These problems didn't become apparent until I revisited stages. Games cut from a retro cloth tend to hold my attention for dozens of hours as I hunt down every secret and master the many confrontations. But there was no such draw here. Still, during my first time through, the stages were fluid and dynamic, presenting so many architectural and adversarial changes that I was continually enraptured. Seeing disinterested hamsters attached to propellers made me laugh with joy, and matching wits against shield-bearing knights provided many humbling outcomes. Braving the darkness of one level and the wind of another demanded different skills, and never knowing what awaited me in the next screen kept me slightly unhinged. What madness would be expected of me? Would I have to eliminate the spirits haunting a house? Or navigate platforms while magma poured from above? Shovel Knight's bountiful charms are so immediate and satisfying that I couldn't stop myself from forging ahead to see what else lay before me.
The branching level design also beckoned. Shovel Knight is strictly linear, except if you have an inquisitive nature. False walls give way to myriad places where bountiful treasure is stored. A sharp-eyed individual should find half of what's out there the first time through, but even after visiting each stage multiple times, there were still a handful of tricky items that I couldn't locate. The reward for uncovering a secret is mostly intangible--the money from treasure chests doesn't matter once there's nothing else to buy--and though I drew great joy from trying to secure every bit of treasure initially, my interest waned as time elapsed. The core action wasn't as exciting on repeat visits. With so few surprises waiting for me, and no need to vary my strategies, I was lulled by predictability.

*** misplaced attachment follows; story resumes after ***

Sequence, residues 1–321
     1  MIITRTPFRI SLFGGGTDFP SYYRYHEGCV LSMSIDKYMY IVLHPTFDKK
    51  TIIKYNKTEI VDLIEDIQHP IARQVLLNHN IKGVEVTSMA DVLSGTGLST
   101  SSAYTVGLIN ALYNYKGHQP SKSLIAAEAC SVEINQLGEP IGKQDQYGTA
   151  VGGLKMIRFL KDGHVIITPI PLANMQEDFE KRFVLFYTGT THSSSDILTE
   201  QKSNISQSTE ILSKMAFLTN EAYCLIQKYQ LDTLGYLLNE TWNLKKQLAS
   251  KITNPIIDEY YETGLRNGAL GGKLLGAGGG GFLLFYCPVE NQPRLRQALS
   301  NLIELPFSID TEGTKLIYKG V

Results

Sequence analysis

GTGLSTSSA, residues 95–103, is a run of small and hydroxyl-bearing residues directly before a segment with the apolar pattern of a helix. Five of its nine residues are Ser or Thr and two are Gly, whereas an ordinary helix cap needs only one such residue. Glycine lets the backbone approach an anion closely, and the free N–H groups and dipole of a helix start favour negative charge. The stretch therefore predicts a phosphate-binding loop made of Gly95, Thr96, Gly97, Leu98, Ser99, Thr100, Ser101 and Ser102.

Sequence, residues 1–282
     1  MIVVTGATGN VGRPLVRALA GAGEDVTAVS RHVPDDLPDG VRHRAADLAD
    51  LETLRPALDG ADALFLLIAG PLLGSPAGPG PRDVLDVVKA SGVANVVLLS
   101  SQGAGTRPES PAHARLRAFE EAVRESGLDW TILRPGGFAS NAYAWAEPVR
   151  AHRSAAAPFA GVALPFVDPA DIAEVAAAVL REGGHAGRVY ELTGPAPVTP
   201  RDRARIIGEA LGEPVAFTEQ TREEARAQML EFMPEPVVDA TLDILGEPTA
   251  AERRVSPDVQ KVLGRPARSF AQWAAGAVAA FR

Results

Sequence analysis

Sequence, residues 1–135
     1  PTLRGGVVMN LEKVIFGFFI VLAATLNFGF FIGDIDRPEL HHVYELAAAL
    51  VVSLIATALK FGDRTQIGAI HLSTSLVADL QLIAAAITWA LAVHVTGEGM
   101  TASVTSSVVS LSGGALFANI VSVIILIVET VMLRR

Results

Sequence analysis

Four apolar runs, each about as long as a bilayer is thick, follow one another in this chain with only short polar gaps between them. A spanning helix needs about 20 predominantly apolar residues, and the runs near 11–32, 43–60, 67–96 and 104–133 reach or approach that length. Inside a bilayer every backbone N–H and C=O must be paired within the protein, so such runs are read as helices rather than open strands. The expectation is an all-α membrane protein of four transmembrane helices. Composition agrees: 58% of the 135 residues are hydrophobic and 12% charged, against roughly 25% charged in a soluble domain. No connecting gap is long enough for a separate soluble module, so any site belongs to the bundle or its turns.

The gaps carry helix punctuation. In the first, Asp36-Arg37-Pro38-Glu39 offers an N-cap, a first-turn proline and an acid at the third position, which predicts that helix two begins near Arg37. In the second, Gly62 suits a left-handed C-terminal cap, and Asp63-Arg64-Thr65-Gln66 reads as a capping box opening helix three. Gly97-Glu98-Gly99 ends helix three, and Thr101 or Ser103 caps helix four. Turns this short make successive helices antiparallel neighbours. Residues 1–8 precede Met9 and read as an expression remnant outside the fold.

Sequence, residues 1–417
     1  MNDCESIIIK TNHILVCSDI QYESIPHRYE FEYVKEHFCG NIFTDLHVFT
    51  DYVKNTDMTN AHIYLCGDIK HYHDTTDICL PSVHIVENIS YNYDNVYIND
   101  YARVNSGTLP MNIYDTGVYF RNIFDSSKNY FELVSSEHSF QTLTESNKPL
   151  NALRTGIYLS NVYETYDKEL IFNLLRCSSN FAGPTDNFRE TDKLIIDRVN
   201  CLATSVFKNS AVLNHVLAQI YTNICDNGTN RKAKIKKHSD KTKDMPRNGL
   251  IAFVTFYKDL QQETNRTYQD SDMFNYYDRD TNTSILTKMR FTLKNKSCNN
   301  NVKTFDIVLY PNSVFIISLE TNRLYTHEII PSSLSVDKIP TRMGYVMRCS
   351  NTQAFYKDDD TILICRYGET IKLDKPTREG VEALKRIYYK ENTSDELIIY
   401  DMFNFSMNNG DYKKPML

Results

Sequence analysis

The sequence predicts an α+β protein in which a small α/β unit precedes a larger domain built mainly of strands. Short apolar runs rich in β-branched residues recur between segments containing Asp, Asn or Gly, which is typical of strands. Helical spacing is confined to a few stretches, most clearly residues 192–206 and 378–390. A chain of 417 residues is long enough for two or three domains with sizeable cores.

So, Shovel Knight doesn't hold up upon a second and third playthrough. That's a black mark if you're keen on starting fresh after the credits role, but there's no shame in lessened impact on repeat visits. There is one element that remained gripping no matter how often I played it, though: boss fights. These are pattern-based affairs that test your reaction time, punish your recklessness, and make you feel incredibly powerful once you come out on top. These encounters are the one situation that I had to make use of my expansive inventory as I searched for an item that would give me the upper hand. I would toss deadly balls to deal massive damage, use a magic sword to glide through the air unscathed, and turn invincible when I needed a breather. And when the difficulty ramped up in New Game Plus, I was brought to my knees more often than I’d like to admit.
No matter which era it had been released in, Shovel Knight would have been embraced. Its inherent charms are timeless. Shovel Knight is a good reminder that game design does age but can never die and that simple mechanics can still be immensely satisfying. But this is not another classic. History echoes forth in everything that Shovel Knight does, but while its inspirations offer compelling moments decades after they were first released, this adventure loses its impact all too quickly. Much of what draws me to games of this ilk are repeatedly playing through them, differing my tactics to become more efficient at whatever challenges lie before me. Without that aspect present in Shovel Knight, I was left with an "is that all?" feeling when the well ran dry. Shovel Knight is a memorable re-imagining of what I grew up with, but doesn't have the longevity or inventiveness to be great in its own right.